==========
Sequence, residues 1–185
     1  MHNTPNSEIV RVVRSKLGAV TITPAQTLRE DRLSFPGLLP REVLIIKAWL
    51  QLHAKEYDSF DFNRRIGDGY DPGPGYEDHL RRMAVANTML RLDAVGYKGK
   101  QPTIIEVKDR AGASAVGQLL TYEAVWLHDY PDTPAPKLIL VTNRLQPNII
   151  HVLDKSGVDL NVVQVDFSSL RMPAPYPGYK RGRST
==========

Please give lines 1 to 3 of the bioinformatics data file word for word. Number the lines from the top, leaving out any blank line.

Sequence, residues 1–185
     1  MHNTPNSEIV RVVRSKLGAV TITPAQTLRE DRLSFPGLLP REVLIIKAWL
    51  QLHAKEYDSF DFNRRIGDGY DPGPGYEDHL RRMAVANTML RLDAVGYKGK